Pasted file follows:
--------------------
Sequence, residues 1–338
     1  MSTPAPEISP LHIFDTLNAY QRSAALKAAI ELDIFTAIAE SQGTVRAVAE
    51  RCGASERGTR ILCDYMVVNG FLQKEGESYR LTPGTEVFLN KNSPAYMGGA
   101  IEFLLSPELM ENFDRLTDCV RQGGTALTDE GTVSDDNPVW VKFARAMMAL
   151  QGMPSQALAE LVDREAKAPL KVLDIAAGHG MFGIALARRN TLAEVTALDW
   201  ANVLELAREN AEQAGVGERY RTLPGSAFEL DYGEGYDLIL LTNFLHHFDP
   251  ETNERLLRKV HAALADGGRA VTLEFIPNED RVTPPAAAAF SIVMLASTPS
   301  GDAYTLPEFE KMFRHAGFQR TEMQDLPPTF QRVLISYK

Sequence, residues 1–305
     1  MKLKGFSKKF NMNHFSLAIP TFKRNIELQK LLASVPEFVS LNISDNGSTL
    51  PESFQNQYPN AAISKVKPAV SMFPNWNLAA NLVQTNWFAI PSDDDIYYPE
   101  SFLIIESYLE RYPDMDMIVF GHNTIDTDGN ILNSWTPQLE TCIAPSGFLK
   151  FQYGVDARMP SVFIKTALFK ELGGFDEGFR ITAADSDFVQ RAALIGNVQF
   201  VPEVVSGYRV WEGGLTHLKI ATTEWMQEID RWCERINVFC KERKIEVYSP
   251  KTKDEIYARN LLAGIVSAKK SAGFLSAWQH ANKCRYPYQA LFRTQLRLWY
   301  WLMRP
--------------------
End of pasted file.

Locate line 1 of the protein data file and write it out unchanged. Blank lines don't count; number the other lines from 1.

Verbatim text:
Sequence, residues 1–338